Lovely ocean beach with great sea stacks and a charming coastal town

Distance: 9.0 miles roundtrip (shorter and longer options available)

Type: out and back

Difficulty: easy 

Best season: all year (best at low tide)


After a fantastic day hiking along the cliffs between Sunset Bay and Shore Acres, it was time to hit the beach. I love sea stacks, so I was quickly drawn to William Sullivan’s description of the shoreline off Bandon, Oregon (map here).

There are a few different possible starting points for this hike. Old Town Bandon, Bandon’s South Jetty, and Face Rock Wayside all offer excellent jump off points. For the shortest hike to the sea stacks start at Face Rock Wayside, but note the impressive set of stairs you’ll need to descend… then reascend. For a longer hike, you could start further south at Bandon State Park’s Devil’s Kitchen.


Our hotel, Best Western Inn at Face Rock, offered a private beach access which allowed us to begin and end our hike directly at our hotel room. We had a hearty free breakfast at the hotel and then began our hike on a beautiful Labor Day morning. The first bit of hiking was arduous as we made our way through deep, loose sand. Once we made our way out to the wet sand, it was easy travels.


Once again we were following the Oregon Coast Trail. We traveled north for about a mile before we reached the first cluster of sea stacks. This is where you hit the beach if you arrive via Face Rock Wayside.


While this hike is navigable any time of day, I highly recommend hitting the area around the sea stacks near low tide. This allows the curious individual to weave through sea stacks, explore tide pools, and even pass through a natural tunnel in Cathedral Rock if conditions are just right.


For the next mile, we explored around all the sea stacks and enjoyed fine views of the larger islands a short distance off shore—Face, Elephant, and Table Rock being the largest. We did see others exploring around the area, but nothing like you would see further north. Considering this was a holiday, I was amazed by how few people we saw.


Face Rock, as the name implies, resembles a face. William Sullivan, in his Oregon Coast and Coast Range Travel Guide, provides the history of this name:

According to a Coquille tribal legend, the face in Face Rock belongs to Ewauna, daughter of Chief Siskiyou, who had traveled here to a great potlatch feast in his honor. Ewauna had never seen the ocean before, so one night she sneaked to the beach for a moonlight swim. In the water she was grabbed by the evil ocean spirit Seatka. But she refused to look into his eyes, knowing that this was how he controlled his victims. Instead she fixed her stare on the North Star, and defiantly gazes there even today.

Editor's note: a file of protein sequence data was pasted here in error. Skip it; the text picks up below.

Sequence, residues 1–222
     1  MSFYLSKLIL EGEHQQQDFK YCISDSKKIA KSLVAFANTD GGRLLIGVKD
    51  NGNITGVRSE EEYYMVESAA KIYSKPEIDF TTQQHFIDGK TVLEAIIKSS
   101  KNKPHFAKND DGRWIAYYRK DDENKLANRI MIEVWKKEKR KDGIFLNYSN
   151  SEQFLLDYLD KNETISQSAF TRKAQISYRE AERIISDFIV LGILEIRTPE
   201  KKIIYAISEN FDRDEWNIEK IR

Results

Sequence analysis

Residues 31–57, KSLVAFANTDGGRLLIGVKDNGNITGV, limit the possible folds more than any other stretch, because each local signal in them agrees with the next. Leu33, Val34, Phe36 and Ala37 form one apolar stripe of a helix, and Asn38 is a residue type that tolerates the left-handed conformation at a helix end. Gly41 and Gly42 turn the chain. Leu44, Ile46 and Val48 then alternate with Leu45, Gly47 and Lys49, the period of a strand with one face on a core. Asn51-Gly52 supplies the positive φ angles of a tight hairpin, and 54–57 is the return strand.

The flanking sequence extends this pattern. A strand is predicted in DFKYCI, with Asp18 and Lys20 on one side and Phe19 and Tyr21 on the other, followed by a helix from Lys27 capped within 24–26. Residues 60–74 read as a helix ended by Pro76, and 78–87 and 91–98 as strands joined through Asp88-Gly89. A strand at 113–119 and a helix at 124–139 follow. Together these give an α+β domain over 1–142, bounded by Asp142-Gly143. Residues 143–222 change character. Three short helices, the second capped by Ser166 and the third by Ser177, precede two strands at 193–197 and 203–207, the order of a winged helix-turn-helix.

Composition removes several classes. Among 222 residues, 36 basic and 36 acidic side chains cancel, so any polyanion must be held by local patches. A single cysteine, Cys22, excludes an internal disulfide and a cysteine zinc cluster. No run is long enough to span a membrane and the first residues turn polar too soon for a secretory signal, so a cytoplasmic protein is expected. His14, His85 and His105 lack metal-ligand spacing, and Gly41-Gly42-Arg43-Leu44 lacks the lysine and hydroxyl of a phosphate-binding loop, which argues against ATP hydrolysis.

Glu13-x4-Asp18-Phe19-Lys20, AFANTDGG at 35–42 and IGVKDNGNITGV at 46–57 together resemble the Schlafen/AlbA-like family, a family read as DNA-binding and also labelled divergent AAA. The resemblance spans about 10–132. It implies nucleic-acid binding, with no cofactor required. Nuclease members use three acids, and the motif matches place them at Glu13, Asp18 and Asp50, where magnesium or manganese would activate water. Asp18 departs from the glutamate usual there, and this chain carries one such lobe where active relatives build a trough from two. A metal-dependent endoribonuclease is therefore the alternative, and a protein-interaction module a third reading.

Face Rock

One of my favorite spots was the beach between Coquille Point and Elephant Rock. We lucked out and hit the area near low tide which provided us with close up views of the Elephant Rock with its two sea caves.


From Elephant Rock, we continued another mile along the beach until we reached the Coquille South Jetty. Here you must leave the beach and climb up to the jetty parking lot. We followed Jetty Road along the Coquille River about a mile east into Old Town Bandon.

looking south from near Coquille River South Jetty
Coquille River Lighthouse

Old Town Bandon is quite charming. The area is only a couple blocks wide and maybe half a dozen blocks long. The exceptionally tidy streets are lined with quaint shops and restaurants. Orca whales the side of large vehicles are painted on the sides of buildings and the port is lined with wooden sculptures of area wildlife.


We explored the heart of Old Town and then purchased some clam chowder from the Bandon Fish Market.  We took it to one of the many nice benches along the Coquille River where we enjoyed the sights and sounds of the beautiful day while having our lunch. We had fantastic views down river to the Coquille River Lighthouse.


After exploring Old Town, we retraced our steps back to the hotel. For this return hike, we were able to shorten the road walking along Jetty Road by climbing over some rocks and down to the banks of the Coquille River. Back on the beach, the tide was coming in and many of the sea stacks were now surrounded by water.


Our day ended with a fantastic meal at The Wheelhouse in Old Town Bandon (recommendation from a local) followed by delicious ice cream from the Face Rock Creamery!


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